Tips for choosing a bank
December 14, 2011
MoneyRates.com makes it easy to find the best rates on CDs and savings accounts. But before you open up a new account at a bank, it's smart to do additional research in the bank that offers that great rate. MoneyRates.com makes that easy as well. This page contain information and resources that can help answer all your questions about a bank you find online. This includes questions about FDIC insurance and how you can uncover the health of a bank.
Searching for a healthy bank
The number of bank failures in the United States varies from year to year, and the number often depends on the state of the economy. There were 157 bank failures in 2010 and 140 in 2009, but the FDIC closed only 28 banks in 2007 and 2008 combined.
If your bank fails, the good news is that your deposit is insured up to $250,000 per depositor. The bad news is that having money at a bank that is closed by the FDIC can lead to some difficulties. The new bank that assumes the deposits of the failed bank can lower the interest rates on your CDs, money market accounts and savings accounts. The acquiring bank can also change the terms and conditions of your deposit account, including changing the early withdrawal penalty on a CD.
If the FDIC can't find a bank to take over for the failed bank, you could be stuck with the task of finding a new bank yourself. Customers of failed banks have also reported that they had trouble converting their online banking and bill payment services to the new bank the FDIC appointed to take over their deposit accounts.
It is always wise to try to gauge the health of a bank before you open an account with them. But MoneyRates.com can provide some useful resources to make that job easier.
Bank resources for consumers
U.S. Banks are regulated by the Federal Deposit Insurance Company, known commonly as the FDIC. This independent agency was created by the U.S. Congress to maintain stability and public confidence in the nation's financial system by insuring deposits, supervising financial institutions for safety, and managing receiverships. To date, no depositor has lost a penny from an FDIC-insured deposit because of a bank failure.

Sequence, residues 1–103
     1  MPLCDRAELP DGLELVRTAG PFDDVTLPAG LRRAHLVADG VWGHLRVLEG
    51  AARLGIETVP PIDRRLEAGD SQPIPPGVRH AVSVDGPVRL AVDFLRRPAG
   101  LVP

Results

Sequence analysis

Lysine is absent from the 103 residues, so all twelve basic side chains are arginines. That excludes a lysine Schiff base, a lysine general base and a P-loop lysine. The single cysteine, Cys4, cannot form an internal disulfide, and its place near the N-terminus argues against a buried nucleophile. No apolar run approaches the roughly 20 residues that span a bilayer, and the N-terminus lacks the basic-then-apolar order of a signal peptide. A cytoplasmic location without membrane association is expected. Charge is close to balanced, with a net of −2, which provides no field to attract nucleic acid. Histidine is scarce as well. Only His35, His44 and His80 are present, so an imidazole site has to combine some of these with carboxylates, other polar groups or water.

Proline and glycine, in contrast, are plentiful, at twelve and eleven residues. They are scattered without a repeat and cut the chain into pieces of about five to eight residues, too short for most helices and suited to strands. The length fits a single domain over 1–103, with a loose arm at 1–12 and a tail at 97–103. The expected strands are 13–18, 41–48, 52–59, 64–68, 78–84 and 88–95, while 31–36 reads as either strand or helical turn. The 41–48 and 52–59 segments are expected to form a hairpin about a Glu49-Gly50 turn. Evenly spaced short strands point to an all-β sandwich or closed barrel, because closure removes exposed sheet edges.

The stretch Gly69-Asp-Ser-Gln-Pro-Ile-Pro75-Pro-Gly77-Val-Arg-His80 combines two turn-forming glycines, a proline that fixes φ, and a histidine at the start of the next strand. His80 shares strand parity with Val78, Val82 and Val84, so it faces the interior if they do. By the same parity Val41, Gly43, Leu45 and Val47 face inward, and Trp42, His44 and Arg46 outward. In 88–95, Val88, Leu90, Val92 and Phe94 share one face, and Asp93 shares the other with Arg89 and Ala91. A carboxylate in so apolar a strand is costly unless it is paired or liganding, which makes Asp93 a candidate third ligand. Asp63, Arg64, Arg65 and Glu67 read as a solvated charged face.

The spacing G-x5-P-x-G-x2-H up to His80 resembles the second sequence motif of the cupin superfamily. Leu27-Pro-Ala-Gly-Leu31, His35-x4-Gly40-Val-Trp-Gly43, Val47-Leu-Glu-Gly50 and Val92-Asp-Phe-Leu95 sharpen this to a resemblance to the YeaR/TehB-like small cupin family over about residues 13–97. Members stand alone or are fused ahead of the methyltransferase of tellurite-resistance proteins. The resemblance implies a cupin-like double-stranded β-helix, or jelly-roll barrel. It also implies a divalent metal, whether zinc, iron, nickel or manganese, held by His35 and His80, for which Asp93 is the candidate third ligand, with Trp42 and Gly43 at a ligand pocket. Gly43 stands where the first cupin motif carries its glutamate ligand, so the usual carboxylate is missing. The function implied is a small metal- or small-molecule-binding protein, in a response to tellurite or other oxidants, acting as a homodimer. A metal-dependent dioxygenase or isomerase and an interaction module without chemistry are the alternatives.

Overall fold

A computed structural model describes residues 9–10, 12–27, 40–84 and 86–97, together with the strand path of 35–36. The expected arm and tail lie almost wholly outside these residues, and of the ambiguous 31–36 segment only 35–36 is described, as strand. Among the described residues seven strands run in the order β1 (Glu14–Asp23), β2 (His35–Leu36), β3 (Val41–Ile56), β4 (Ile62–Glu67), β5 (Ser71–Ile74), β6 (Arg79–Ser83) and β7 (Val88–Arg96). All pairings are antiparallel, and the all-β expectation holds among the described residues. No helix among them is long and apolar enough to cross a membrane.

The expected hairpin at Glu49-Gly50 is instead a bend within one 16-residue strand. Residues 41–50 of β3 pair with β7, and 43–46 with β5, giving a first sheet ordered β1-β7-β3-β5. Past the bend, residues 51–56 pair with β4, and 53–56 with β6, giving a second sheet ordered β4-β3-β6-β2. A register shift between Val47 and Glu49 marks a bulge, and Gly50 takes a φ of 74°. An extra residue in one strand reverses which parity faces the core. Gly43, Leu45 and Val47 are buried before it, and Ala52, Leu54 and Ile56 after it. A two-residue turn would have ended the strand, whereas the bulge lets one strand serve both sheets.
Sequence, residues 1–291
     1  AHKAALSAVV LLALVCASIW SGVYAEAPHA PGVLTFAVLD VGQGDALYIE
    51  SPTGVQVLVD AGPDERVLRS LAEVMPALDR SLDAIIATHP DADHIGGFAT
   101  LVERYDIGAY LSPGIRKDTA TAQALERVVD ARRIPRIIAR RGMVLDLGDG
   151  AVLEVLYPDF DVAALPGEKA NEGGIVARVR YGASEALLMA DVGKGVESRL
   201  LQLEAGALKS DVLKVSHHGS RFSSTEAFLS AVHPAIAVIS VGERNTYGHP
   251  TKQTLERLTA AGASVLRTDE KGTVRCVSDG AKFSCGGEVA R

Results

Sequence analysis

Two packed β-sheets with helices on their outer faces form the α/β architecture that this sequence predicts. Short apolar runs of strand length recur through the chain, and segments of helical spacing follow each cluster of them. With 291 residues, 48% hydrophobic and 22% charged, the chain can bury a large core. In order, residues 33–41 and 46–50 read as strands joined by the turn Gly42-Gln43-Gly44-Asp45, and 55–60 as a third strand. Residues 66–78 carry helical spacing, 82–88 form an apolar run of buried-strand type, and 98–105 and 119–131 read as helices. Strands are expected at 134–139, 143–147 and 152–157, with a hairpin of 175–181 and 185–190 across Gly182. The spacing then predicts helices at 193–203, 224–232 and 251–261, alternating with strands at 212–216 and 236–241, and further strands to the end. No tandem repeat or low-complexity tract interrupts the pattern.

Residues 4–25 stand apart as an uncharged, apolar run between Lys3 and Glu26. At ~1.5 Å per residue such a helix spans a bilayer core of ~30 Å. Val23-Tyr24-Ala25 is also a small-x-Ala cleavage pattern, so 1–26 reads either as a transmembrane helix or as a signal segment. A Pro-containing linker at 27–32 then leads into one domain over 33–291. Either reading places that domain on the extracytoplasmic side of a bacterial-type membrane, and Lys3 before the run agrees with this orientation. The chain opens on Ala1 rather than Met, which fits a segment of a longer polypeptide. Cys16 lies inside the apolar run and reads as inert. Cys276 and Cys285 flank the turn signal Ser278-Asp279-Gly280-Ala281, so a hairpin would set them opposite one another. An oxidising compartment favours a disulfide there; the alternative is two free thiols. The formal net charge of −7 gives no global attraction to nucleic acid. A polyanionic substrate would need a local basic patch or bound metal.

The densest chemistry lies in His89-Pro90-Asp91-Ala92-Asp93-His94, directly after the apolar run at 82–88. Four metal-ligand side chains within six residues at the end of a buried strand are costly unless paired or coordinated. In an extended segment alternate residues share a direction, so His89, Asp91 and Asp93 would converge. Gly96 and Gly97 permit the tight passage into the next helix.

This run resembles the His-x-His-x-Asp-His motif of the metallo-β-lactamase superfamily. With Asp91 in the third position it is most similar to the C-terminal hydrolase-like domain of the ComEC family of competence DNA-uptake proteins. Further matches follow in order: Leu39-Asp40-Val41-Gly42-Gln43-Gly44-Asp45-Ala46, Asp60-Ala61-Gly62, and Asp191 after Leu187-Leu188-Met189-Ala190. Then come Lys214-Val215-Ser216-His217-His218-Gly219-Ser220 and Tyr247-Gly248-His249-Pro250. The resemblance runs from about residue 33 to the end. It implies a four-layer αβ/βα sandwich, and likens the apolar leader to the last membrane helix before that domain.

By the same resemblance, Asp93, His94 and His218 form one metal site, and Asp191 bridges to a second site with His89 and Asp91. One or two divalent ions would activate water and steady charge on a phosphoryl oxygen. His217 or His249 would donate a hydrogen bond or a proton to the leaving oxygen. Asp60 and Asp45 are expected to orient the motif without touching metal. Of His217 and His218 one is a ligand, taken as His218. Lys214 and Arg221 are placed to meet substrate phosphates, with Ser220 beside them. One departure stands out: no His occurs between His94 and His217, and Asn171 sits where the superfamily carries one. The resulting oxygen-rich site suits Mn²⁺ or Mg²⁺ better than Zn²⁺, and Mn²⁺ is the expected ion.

The FDIC offers excellent consumer resources, alerts, and tips for any person considering opening a certificate of deposit, money market account, savings account or checking account at a bank in the United States. In addition, the FDIC website will allow you to authenticate any bank you see online, as well as view the latest public financial information available on that particular bank. Consumers can also use websites like MoneyRates.com to receive expert advice and useful tips on banking products. Below are some of the best online resources for banking customers:
Help with bank ratings
The FDIC provides insurance coverage for depositors up to $250,000 per bank. The problem for many depositors in the event of a bank failure is the inconvenience and confusion. Consequently, it is always financially prudent to review a bank's strength and financial condition before placing a deposit at that bank. The FDIC provides an excellent tool for finding general information about a bank, but you can also do the following to further your research on a particular institution:
- Check any enforcement actions by the FDIC against the bank. Historically, the chance of a bank failing is higher if the bank has had a recent enforcement action.
- Check the total assets of the bank. Smaller banks with less than $500 million in assets are more likely to be purchased or to be closed by the FDIC than larger banks.
- Check the stock price of the bank for the last six months. What is the trend? In many cases, the market has factored in news about upcoming financial problems for a bank that will be reflected in a falling stock price. A simple rule is that if a bank stock's price trend is trending downward significantly faster than the KBW Bank Index, then it is possible that there is a problem.
- Check the percent increase in total assets for recent quarters. Does it appear that the bank is growing too fast? Or are assets decreasing at an alarming rate? If either is the case, the chance of a bank failing is more likely. Another negative consequence of a bank growing too fast or too slow is that customer service from the bank can be poor while the bank tries to adapt to an unstable rate of growth. Look for a bank with the "Goldilocks" approach to asset growth: not too fast and not too slow. Not only is a bank with stable asset growth in better overall financial health, customers of these banks are usually treated better.
- Finally, for many people the task of reviewing financial data is either too confusing, time consuming or just plain boring. But there are companies that will sell a bank rating report that summarizes and clarifies many of the financial questions about a bank's health. A specialized report will assess the risk of holding funds at a particular bank. In many cases, the peace of mind afforded by buying a report on a bank is well worth the money spent.